A haircut would help him find work. Nobody wants to hire someone who looks unkempt

Hans Dykema
Hans Dykema

Being an asshole his whole life has finally caught up to him.

swmnguy
swmnguy topcommenter

@MicheleBachmann  Did anybody read, or read excerpts from, Chris Kyle's book?  I know we're now supposed to worship veterans like saints or something, but the excerpts of Kyle's book I read were some of the most chilling, sociopathic and sadistic pornography I've ever read.  Frankly, after reading that I can't think of anything that Kyle guy would not have done as a matter of principle.  The man was a terrifying creation of our society.  I'm sorry he was murdered, because I don't think anybody should be murdered.  But that Kyle guy...what he wrote, or at least signed his name to, was some sick, sick stuff.

Jesse's an asshole.  But that doesn't make Chris Kyle less of a monster.

MicheleBachmann
MicheleBachmann topcommenter

@swmnguy Generation Kill is my favorite Iraq War book.  If you haven't read it I would recommend it.  The HBO miniseries is pretty good too. 

MicheleBachmann
MicheleBachmann topcommenter

@swmnguy Didn't read it but I read an article on Salon with quotes from the book.  The article made a lot of the same points you are making.    Chris Kyle is a complex figure.  There is a fine line between heroic solider and cold blooded killer.  Lots of the time it comes down to if your side wins.  Chris Kyle should be respected for his service.  But his deadly skills and attitude about killing are why people should remember that war is hell and don't take it lightly.   I hope his death helps lead to more action on helping soldiers suffering from PTSD.  It's sad and tragic the war followed him home to Texas.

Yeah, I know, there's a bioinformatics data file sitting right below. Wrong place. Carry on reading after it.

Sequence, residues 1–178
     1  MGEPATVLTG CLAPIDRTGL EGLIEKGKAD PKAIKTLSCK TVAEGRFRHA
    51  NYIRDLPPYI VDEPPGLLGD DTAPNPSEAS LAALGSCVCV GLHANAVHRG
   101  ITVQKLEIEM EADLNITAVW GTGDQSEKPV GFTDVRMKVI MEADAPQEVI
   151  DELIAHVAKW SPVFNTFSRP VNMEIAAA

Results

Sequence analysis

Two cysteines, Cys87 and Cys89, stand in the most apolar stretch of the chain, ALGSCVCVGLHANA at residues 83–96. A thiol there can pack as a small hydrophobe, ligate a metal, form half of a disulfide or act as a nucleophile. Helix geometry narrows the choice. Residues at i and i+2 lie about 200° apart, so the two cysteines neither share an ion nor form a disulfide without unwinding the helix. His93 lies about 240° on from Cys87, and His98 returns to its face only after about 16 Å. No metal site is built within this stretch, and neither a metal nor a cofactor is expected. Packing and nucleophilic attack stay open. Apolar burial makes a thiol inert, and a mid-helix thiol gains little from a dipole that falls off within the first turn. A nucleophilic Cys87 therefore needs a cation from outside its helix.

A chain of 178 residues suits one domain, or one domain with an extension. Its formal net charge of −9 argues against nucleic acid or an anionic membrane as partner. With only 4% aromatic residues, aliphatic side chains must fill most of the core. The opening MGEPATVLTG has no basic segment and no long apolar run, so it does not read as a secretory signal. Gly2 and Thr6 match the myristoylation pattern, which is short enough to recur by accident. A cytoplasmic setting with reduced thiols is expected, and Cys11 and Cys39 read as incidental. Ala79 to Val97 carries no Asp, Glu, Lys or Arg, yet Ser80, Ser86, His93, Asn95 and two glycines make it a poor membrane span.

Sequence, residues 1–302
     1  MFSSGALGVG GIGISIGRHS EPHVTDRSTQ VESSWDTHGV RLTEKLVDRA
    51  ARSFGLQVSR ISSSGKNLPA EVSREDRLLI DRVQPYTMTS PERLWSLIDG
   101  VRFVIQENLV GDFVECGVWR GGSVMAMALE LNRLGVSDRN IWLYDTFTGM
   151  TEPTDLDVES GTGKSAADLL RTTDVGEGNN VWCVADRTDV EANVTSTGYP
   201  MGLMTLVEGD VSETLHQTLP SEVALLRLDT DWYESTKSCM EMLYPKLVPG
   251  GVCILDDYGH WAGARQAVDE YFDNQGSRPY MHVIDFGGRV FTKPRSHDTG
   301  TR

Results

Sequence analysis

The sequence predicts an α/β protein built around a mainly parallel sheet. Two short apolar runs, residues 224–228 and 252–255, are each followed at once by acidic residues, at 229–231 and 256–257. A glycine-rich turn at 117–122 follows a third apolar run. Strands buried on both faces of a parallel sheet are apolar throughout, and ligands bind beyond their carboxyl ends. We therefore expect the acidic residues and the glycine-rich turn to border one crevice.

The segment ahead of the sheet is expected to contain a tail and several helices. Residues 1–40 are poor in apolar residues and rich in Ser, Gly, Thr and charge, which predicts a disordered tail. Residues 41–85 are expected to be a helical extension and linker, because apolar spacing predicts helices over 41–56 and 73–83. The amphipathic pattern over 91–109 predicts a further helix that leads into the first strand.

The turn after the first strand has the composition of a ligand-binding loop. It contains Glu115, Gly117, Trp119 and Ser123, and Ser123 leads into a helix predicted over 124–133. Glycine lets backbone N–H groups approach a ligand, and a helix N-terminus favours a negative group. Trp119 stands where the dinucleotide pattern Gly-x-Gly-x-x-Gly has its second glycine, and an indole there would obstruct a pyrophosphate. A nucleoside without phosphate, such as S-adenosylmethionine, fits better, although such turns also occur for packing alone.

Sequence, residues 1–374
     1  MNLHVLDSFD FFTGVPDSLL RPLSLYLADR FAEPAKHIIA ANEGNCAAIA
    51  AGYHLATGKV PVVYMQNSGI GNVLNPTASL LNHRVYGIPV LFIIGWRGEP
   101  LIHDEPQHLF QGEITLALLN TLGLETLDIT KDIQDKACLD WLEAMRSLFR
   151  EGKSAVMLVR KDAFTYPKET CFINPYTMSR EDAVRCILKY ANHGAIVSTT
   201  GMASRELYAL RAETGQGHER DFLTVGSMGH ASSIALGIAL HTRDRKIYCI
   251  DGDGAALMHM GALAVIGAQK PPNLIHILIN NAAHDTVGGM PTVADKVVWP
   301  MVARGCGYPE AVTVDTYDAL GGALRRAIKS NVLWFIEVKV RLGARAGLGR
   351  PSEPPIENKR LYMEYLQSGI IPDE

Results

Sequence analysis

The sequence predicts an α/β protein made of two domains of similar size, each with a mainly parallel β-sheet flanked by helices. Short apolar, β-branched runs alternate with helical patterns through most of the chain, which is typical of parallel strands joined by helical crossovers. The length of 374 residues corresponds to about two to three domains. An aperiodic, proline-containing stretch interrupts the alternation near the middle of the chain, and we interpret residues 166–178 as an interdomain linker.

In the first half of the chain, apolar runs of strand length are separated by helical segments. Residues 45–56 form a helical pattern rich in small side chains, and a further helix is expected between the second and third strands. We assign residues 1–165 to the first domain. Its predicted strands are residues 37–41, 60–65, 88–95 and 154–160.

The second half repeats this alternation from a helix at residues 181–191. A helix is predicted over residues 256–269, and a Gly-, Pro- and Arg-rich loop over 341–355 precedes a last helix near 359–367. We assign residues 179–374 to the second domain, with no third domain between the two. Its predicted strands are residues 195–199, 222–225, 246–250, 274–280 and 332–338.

swmnguy
swmnguy topcommenter

@MicheleBachmann  I haven't read that one but I'll take you up on the recommendation.  I've read great reviews of it.

swmnguy
swmnguy topcommenter

@MicheleBachmann Maybe I read that same Salon article.  I don't recall.  I've known a number of men who have served. One of my wife's grand-dads was a medic at the Battle of Bulge.  Chris Kyle never saw anything like that.  I don't know exactly what that did to my wife's grand-dad because I don't believe he ever told anyone anything about it.  At his funeral somebody read the description from his medal citation.  Afterward his kids found some stories he had written.  Human beings weren't made to go through that.  Interestingly, the men I've known who went through the worst are the ones who were the least proud, if that's the word, of what they had done and gone through.  They certainly weren't crowing about it.  That's why I called Kyle a "monster."  I believe his stories were true, and that he didn't find them appalling himself is...quite disturbing.

But yes, if we get serious about PTSD, and start preventing it by not destroying our men by sending them to kill, that would be a blessing.